The logic behind this theory, the report explains, is that wind and power are still intermittent energy sources and require a secondary power source that is able to go online and offline quickly (providing “peaking power”). Natural gas fills this role well. As renewables become more prevalent, they steal demand from the baseload power that provides continuous energy—a role traditionally filled by coal-fired power plants. But the baseload plants don’t have the ability to go on and offline quickly, so as demand decreases more coal plants will be shut down. Therefore, natural gas will be called on to provide both baseload and peaking power as renewables gain momentum toward mainstream energy.

Some experts believe that in the long-run, natural gas will become more expensive and unable to compete with solar energy, which is approaching cost-equality with other energy sources. As the grid becomes more robust and energy storage increases, natural gas will be phased out—by the year 2050, predicts Ernest Moniz, President Obama’s choice to lead the Energy Department. Until then, Moniz says natural gas will act as a ‘bridge’ from fossil fuels to clean energy. “In broad terms we find that, given the large amounts of natural gas available in the U.S. at moderate cost … natural gas can indeed play an important role over the next couple of decades in economically advancing a clean energy system,” Moniz said in a testimony on the Future of Natural Gas.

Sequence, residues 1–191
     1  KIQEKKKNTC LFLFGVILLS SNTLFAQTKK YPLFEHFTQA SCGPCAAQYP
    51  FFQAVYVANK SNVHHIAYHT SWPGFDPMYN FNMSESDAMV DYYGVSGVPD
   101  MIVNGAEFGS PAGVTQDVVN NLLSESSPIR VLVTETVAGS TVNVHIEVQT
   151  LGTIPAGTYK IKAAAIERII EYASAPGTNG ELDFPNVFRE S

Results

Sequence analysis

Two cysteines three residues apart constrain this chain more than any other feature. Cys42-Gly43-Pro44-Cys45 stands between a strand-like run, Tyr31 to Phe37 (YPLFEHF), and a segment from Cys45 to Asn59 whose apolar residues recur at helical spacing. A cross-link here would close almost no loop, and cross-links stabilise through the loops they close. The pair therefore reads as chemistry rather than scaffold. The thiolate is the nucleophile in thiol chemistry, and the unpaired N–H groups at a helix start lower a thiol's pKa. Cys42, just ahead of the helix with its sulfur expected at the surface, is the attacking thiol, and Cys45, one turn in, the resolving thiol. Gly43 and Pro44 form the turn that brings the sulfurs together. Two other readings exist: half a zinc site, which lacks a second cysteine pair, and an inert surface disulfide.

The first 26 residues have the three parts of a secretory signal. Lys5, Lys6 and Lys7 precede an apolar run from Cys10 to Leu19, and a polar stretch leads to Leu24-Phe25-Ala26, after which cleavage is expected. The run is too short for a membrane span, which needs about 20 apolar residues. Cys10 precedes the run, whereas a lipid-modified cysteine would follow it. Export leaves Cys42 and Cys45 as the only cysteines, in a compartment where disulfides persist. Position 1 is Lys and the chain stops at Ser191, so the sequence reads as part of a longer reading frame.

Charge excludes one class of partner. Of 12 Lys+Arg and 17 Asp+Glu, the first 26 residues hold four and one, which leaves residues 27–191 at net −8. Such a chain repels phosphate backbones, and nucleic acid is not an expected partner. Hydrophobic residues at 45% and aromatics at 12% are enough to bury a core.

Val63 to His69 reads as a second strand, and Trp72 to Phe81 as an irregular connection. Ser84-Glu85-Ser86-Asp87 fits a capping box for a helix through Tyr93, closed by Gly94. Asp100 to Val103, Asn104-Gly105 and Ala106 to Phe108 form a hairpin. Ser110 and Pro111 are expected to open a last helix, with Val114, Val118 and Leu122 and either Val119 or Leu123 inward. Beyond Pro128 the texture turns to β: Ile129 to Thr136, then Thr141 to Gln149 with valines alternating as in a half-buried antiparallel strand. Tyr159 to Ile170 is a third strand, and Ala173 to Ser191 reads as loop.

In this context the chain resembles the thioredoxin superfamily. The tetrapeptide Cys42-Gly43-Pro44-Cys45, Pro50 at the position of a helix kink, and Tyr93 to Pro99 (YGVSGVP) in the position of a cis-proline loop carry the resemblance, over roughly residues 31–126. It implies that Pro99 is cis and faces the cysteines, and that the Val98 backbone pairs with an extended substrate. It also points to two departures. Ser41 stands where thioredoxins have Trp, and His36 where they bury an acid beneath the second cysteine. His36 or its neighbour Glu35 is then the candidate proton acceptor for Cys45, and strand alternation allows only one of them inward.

Citi analysts report that it will take a significant amount of natural gas to make wind and power the primary energy sources. This high-volume extraction depends on fracking, which cracks the rock layer deep underground to extract shale deposits filled with natural gas that were inaccessible by conventional drilling.

Fracking supporters praise its economic benefits and its aid in moving the U.S. toward energy independence. Critics highlight the drinking water contamination, air pollution and inherent danger—a house exploded in Ohio after methane gas seeped into its water well.

Aside from being highly flammable, methane gas is the second most prevalent greenhouse gas and 21 times more powerful at warming the atmosphere than carbon dioxide. However, the Environmental Protection Agency (EPA) estimates that the methane levels released by fracking are lower than originally believed due to stringent pollution controls.